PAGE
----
Danish director Mads Brügger and Swedish private investigator Göran Björkdahl are trying to solve the mysterious death of Dag Hammarskjöld. As their investigation closes in, they discover a... See full summary »
Subversive satirist Mads Brugger's latest is an odd-couple comedy about the pitfalls of striking out into the economic frontier; it charts two hapless Danes' scheme to sell Saint Bernards to China's middle class.
Frederik Cilius Jørgensen,
Danish soldiers are sent to Afghanistan in 2009 for 6 month, to help stabilize the country against Taliban. They're stationed on Armadillo military base in Helman province. Unlike other war movies, this is the real deal - no actors.
At the very beginning of the movie Mads Brøgger is dressing up for the part. On his left hand he is seen wearing a replica of the "Good mark" ring normally worn by the comic book Character "The Phantom". This ring can permanently mark whomever it touches. The ring features four overlapping sabres forming a cross known as "The Good Mark". Those touched by it are under The Phantom's protection and the mark itself is said to give the wearer amazing luck. Whether Mads Brøgger actually met The Phantom during his stay in the Central African Republic is not known at this point, but having in mind that The Phantom usually takes care of criminal activities in the fictional African country Bengalla and is indeed a great friend of the pygmees it is highly likely that he would take immediate action. See more »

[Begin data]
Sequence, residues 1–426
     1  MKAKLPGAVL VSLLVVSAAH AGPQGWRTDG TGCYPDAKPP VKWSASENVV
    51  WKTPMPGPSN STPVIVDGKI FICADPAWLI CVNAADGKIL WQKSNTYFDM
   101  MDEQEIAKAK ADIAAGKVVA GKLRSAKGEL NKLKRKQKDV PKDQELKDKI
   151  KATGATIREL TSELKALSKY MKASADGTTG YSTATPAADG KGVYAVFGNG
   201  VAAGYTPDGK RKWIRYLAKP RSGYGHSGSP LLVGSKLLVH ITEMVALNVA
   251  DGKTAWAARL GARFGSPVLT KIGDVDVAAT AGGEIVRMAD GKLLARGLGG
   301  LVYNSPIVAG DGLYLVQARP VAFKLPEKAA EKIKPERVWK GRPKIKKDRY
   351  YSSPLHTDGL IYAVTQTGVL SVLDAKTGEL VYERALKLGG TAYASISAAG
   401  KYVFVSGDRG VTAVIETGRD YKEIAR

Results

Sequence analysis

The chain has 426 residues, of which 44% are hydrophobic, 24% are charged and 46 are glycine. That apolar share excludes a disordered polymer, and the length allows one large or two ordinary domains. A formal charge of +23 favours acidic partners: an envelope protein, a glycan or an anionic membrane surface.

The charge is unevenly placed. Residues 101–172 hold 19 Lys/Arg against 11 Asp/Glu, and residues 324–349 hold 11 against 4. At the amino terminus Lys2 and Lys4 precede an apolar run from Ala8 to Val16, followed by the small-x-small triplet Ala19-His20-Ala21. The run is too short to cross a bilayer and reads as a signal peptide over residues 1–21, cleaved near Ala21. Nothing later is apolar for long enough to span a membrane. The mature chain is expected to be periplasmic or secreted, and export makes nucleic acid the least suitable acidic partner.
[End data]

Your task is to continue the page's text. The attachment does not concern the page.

The Ambassador looks like a ninety minute version of the television news program 60 Minutes, with only Mike Wallsce jumping out for a confrontation missing. A Danish man finds a couple of different companies who sell diplomatic credentials for cash. Using a series of videos from hidden cameras, he shows the widespread corruption which crosses all national and racial boundaries. A major problem is, although most of the meetings are in English, many are in French, without translation.
He buys an official diplomacy for $130,000 and sets up a match factory with an Indian guy as cover for diamond mining. Thousands of such "diplomacies" are uncovered by the filmmaker, which isn't a big surprise to anyone who watches the news. Everyone has a price, as the saying goes, and even here in America, we have over 30,000 lobbyists, who bribe government officials every day to pass laws favorable to their clients.
As far as the documentary goes, it is extremely redundant, with endless meetings with officials being paid off for helping the "diplomat" do business in Africa. The Ambassador is done with a satirical bent, but is never very funny, given the subject matter in the end, which is blood diamonds. Overall, it is a sad commentary on the human race; we are all doomed.
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